"Avoid lawsuits beyond all things; they pervert your conscience, impair your health, and dissipate your property." -Jean de la Bruyere
Most lawsuits are avoidable and unnecessary. The key is to adopt a strategy that decreases the likelihood that you will be sued, and if you are sued, increases your chances of prevailing. For bloggers, this has become particularly important because of the recent rash of defamation lawsuits. If you follow the steps below, you’ll be in a better position whatever happens.
1. Check your sources and verify the facts – Factual assertions lead to lawsuits, whereas the law generally protects opinion as free speech (but not always — so be careful). Therefore, you must verify whether your factual assertions are accurate, if you are making any. And don’t rely on just any sources. Seek out credible and unbiased sources and keep a record of what you did to investigate the facts included in your post. If you’re simply writing an opinion piece, make it very clear that you’re doing just that.
2. Write About Public Figures Or Well-Known Businesses – If you write a post that is critical about an individual or a business, make sure they are very well-known. The law affords "public figures" lesser protection for various reasons. In other words, if a so-called public figure wants to sue you, they’re required to show that you made the alleged defamatory statement knowing it was false, or with a reckless disregard for the truth. That’s a very high standard to meet. On the other hand, if you wrote about Joe the Plumber (circa 2 weeks ago, when he was a private citizen), he’d have to show that you made the statements negligently–a much easier task.
3. Admit it When You’re Wrong – Issue a correction/retraction if you discover that your post contains false information. Don’t forget the human component here. Most people will not go to the trouble of suing you if you made an honest mistake and are willing to correct it. It might also be a good idea to request that Google remove all cached copies of the offending post.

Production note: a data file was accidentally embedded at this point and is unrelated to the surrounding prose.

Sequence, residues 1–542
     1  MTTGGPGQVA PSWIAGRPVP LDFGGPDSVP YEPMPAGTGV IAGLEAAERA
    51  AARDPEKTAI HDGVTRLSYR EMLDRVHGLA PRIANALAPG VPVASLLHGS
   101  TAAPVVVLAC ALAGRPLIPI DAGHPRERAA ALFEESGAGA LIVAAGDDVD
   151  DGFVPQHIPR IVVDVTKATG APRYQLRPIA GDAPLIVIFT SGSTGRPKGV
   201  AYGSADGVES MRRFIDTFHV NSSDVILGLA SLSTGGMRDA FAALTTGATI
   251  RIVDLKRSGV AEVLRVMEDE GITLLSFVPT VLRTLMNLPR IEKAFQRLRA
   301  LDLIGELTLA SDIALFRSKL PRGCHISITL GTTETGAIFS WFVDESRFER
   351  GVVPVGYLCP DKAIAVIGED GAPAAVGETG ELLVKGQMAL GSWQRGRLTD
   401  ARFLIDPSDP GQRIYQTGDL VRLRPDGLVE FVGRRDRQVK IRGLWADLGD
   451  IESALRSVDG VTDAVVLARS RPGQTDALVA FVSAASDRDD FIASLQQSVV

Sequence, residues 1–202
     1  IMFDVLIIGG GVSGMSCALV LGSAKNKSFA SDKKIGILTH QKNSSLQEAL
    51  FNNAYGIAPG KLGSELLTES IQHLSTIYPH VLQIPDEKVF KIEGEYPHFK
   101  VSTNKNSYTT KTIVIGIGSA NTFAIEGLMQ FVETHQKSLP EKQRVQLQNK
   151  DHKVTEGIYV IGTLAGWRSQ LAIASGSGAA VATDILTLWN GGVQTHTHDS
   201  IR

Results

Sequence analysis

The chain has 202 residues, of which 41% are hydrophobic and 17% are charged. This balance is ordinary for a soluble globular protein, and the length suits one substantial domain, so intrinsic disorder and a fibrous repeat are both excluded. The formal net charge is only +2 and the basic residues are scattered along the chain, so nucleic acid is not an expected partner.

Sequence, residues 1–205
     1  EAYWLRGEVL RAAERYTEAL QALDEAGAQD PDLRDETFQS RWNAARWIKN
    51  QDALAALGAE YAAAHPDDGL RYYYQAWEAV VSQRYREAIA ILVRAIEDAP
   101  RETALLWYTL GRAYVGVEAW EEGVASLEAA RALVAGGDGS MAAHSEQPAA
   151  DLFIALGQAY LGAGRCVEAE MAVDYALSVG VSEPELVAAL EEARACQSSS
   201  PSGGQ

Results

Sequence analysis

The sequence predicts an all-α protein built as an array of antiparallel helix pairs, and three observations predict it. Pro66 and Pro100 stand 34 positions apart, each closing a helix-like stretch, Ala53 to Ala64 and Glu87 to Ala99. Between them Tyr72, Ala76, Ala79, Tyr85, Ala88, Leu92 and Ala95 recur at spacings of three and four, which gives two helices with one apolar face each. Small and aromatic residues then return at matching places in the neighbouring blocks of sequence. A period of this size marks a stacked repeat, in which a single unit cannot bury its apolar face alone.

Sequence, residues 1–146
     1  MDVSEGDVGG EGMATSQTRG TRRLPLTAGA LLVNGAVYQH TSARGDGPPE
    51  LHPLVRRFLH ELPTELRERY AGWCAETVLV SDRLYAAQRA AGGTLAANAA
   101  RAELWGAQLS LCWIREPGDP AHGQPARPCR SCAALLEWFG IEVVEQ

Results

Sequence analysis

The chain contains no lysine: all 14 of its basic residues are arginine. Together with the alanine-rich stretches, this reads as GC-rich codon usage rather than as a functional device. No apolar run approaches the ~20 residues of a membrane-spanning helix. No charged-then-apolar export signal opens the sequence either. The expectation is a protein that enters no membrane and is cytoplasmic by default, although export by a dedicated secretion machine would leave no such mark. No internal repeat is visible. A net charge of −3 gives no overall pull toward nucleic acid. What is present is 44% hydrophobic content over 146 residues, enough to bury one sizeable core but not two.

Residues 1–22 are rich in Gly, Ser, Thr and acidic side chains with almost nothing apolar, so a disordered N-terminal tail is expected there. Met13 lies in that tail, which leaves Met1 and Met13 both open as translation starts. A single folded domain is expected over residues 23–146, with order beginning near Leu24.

4. Avoid Certain Subjects – You’re likely to be slapped with a defamation lawsuit if you write that someone was convicted, punished, etc., of a crime, or that they have contracted a serious disease or are unchaste, if it turns out to be untrue. Also, don’t write about something that may negatively affect the reputation of a business. Businesses usually have money and are more likely to hire an attorney to protect their good will and reputation.
5. Provide A Forum For Opposing Views – There has been an active discussion lately regarding whether bloggers should permit their readers to leave comments on their blogs. Bloggers should permit commentary because it provides a potentially aggrieved party with a forum to voice their concerns about a particular post, instead of in a court room.
Re-read the quote above. If you truly understand it, it just might change your life–or at least help you avoid a situation like the one below.